|Publication number||US6943349 B2|
|Application number||US 10/258,869|
|Publication date||Sep 13, 2005|
|Filing date||Apr 27, 2001|
|Priority date||Apr 27, 2000|
|Also published as||EP1150327A1, US20030168606, WO2001084592A1|
|Publication number||10258869, 258869, PCT/2001/4787, PCT/EP/1/004787, PCT/EP/1/04787, PCT/EP/2001/004787, PCT/EP/2001/04787, PCT/EP1/004787, PCT/EP1/04787, PCT/EP1004787, PCT/EP104787, PCT/EP2001/004787, PCT/EP2001/04787, PCT/EP2001004787, PCT/EP200104787, US 6943349 B2, US 6943349B2, US-B2-6943349, US6943349 B2, US6943349B2|
|Inventors||Pavel Adamec, Ralf Degenhardt, Hans-Peter Feuerbaum, Harry Munack, Dieter Winkler|
|Original Assignee||ICT Integrated Circuit Testing Gesellschaft für Halbleiterprüftechnik mbH|
|Export Citation||BiBTeX, EndNote, RefMan|
|Patent Citations (23), Referenced by (51), Classifications (24), Legal Events (4)|
|External Links: USPTO, USPTO Assignment, Espacenet|
This is a National stage entry under 35 U.S.C. § 371 of Application No. PCT/EP01/04787 filed Apr. 27, 2001; the disclosure of which is incorporated herein by reference.
The invention relates to an apparatus for the examination of specimen with charged particles. In particular, this invention relates to an apparatus for the examination of specimen with multiple beams of charged particles.
Modern semiconductor technology is highly dependent on an accurate control of the various processes used during the production of integrated circuits. Accordingly, the wafers have to be inspected repeatedly in order to localize problems as early as possible. Furthermore, a mask or reticle should also be inspected before its actual use during wafer processing in order to make sure that the mask accurately defines the desired pattern. This is done because any defects in the mask pattern will be transferred to the substrate (e.g., wafer) during its use in microlithography. However, the inspection of wafers or masks for defects requires the examination of the whole wafer or mask area. Especially, the inspection of wafers during their fabrication requires the examination of the whole wafer area in such a short time that production throughput is not limited by the inspection process.
Scanning electron microscopes (SEM) have been used to inspect wafers to detect pattern defects. Thereby, the surface of the wafer is scanned using a single finely drawn electron beam. When the electron beam hits the wafer, secondary electrons are generated and measured. A pattern defect at a location on the wafer is detected by comparing an intensity signal of the secondary electrons to, for example, a reference signal corresponding to the same location on the pattern. However, because only one very narrow electron beam is used for scanning, a long time is required to scan the entire surface of the wafer. Accordingly, it is not feasible to use a conventional (single-beam) Scanning Electron Microscope (SEM) for wafer inspection, since this approach does not provide the required throughput. Therefore, high speed wafer inspection is presently carried out by means of light optical techniques.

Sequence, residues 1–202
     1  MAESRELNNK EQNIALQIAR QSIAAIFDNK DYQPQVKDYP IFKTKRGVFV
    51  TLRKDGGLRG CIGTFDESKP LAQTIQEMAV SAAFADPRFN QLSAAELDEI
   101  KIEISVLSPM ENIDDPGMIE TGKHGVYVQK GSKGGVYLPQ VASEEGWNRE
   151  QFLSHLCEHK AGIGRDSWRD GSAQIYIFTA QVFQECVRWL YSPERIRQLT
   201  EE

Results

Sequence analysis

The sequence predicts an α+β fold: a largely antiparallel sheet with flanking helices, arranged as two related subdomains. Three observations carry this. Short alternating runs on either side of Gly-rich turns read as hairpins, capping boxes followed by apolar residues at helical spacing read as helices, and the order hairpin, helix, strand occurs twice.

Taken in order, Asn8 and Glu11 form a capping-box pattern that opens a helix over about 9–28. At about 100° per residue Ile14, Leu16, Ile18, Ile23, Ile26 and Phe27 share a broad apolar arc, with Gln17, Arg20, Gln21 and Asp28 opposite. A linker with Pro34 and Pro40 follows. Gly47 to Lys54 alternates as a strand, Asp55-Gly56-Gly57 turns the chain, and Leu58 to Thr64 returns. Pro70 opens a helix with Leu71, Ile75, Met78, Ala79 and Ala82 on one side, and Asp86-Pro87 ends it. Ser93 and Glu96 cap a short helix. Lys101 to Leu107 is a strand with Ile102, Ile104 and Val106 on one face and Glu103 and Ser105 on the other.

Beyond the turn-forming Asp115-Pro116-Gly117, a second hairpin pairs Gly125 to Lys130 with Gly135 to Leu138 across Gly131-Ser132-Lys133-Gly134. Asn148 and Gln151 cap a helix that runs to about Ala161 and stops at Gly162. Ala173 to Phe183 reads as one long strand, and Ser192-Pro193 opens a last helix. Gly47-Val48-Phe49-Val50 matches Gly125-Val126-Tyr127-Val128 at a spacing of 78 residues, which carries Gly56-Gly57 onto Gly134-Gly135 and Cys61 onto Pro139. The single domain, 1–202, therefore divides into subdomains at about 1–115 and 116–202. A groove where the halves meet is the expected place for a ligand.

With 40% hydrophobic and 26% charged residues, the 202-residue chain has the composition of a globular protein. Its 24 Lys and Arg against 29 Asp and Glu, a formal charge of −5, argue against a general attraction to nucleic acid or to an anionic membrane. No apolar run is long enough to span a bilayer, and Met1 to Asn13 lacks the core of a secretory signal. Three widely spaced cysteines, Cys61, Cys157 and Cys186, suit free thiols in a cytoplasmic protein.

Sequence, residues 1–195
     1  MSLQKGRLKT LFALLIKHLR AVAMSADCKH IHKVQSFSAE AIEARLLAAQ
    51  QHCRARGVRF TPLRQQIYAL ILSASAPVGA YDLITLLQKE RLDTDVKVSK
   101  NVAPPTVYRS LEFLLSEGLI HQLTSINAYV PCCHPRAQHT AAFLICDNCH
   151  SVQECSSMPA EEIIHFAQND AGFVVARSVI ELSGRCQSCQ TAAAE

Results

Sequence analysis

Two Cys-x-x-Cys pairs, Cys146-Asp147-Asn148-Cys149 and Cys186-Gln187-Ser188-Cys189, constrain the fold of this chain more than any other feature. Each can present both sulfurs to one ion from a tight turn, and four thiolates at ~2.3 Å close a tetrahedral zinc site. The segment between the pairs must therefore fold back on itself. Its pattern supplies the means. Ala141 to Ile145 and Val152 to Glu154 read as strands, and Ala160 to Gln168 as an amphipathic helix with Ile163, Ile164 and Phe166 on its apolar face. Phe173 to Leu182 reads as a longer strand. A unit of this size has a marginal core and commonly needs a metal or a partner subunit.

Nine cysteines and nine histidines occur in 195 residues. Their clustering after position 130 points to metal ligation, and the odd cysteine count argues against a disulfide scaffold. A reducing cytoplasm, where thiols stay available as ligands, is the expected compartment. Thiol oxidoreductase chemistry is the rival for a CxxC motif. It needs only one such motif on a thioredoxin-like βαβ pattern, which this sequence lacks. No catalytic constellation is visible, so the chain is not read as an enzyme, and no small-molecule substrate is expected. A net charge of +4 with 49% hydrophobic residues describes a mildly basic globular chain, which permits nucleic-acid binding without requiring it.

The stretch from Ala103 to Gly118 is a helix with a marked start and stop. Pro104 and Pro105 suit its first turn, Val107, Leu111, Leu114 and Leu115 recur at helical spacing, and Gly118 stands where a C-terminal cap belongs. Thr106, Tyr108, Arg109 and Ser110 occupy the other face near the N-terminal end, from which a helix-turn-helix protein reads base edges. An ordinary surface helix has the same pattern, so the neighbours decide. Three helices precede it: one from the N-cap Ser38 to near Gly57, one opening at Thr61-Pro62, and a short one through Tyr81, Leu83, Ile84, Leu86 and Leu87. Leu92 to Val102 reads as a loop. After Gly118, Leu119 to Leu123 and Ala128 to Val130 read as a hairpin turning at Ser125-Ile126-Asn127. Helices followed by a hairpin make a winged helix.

In order to perform this task using electron microscopic techniques several approaches have been suggested. One approach is based on the miniaturization of SEMs, so that several miniaturized SEMs (in the order of ten to one hundred) are arranged in an array and each miniaturized SEM examines a small portion of the complete sample surface. Another approach makes use of fixed-beam surface electron microscopes which image a certain area of the sample simultaneously. These surface microscopes can be classified by the excitation process of the electrons that form the image at the detector: a) The Photoemission Electron Microscope (PEEM), where the electrons are created by illumination of the sample surface with UV light, synchrotron radiation, or X-rays and b) the so-called Low-energy Electron Microscope (LEEM), where, in various modes of operation, the sample surface is illuminated with electrons. In this case, the illuminating electrons have to be separated from the imaging electrons by means of an additional electron optical element, for example, a beam separator in the form of a dipole magnet. However, both approaches have not yet been put into industrial practice.
Multi-beam electron projection systems are used to create patterns of variable shape on a substrate by switching on and off individual beams as is described in document EP 0 508 151. The following remarks are particularly relevant: First, as a projection system, it inherently does not produce an image of a sample and, therefore, does not comprise an objective lens. Secondly, in the example to which we referred to above, a resulting electron beam, formed by the individual beams that are not blanked out, is scanned as a whole over the substrate.